Mr. Hickey took quickly to teaching, and to his new hometown. The city seemed to embody everything he dreamed of for a democratic culture — art galleries nestled beside giant casino-hotels, opera singers trading stages with lion tamers, and all of it filtered through the hustle and bustle of commerce.
“Las Vegas is a risk-oriented culture,” he told The New York Times in 2002. “If you’re not taking any chances, you’re not having any fun.”
He married Dr. Lumpkin in 1993. She taught alongside her husband at the University of Nevada, Las Vegas, for several years, and in 2010 they moved to the University of New Mexico and settled in Santa Fe.
Along with his wife, he is survived by his brother, Michael Hickey.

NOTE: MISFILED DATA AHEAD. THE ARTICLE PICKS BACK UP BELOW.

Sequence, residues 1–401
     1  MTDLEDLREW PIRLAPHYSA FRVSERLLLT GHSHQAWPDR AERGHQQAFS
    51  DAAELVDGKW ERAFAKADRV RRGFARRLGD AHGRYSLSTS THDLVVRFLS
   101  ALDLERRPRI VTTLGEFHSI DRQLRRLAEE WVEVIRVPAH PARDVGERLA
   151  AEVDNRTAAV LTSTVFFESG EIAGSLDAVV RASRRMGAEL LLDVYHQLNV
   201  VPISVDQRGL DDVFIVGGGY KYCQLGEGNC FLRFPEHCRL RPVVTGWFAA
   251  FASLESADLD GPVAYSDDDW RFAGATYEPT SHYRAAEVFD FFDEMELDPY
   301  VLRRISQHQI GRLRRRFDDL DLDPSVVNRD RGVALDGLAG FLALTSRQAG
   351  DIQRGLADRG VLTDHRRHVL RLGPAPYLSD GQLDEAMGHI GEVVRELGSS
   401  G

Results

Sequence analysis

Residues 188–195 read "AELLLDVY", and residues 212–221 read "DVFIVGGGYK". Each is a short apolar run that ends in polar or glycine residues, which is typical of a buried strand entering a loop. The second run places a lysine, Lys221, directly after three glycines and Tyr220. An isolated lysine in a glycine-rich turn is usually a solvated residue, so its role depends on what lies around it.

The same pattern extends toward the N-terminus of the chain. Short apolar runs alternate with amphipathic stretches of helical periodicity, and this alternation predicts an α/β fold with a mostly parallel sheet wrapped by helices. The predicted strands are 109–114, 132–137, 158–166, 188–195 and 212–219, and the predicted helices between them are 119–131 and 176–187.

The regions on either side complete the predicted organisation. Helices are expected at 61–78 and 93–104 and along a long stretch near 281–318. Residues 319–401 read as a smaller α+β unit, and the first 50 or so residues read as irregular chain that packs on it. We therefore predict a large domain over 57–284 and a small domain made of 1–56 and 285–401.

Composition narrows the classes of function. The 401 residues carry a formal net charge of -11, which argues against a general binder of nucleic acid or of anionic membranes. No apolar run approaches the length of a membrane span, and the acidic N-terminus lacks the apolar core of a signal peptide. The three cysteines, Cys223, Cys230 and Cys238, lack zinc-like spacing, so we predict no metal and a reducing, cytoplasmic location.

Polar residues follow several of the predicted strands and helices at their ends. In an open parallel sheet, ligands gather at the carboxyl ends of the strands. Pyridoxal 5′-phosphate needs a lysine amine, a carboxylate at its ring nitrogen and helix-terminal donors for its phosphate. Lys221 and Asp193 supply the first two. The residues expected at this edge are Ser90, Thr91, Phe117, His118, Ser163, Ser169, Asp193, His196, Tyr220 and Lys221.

Facing health problems, Mr. Hickey retired from teaching in 2012. But he kept writing, including on Facebook. Two edited collections of his posts, “Wasted Words” and “Dust Bunnies,” appeared in 2016. Another book, “25 Women: Essays on Their Art,” also published in 2016, raised the eyebrows of those who still viewed him as an unreconstructed male chauvinist.
And he continued to poke back at all the forces and institutions that he insisted had ruined the art world he had known as a younger man. He held identity politics in particular disdain, he told The Los Angeles Times in 2014, for dividing otherwise like-minded people into antagonistic categories.
“Identity politics tribalized the art underground and broke up the dissonant tone of it — a tribe of women, a tribe of Black people, a tribe of gay people,” he said. “It used to be all of us, together, just down in the dirt.”
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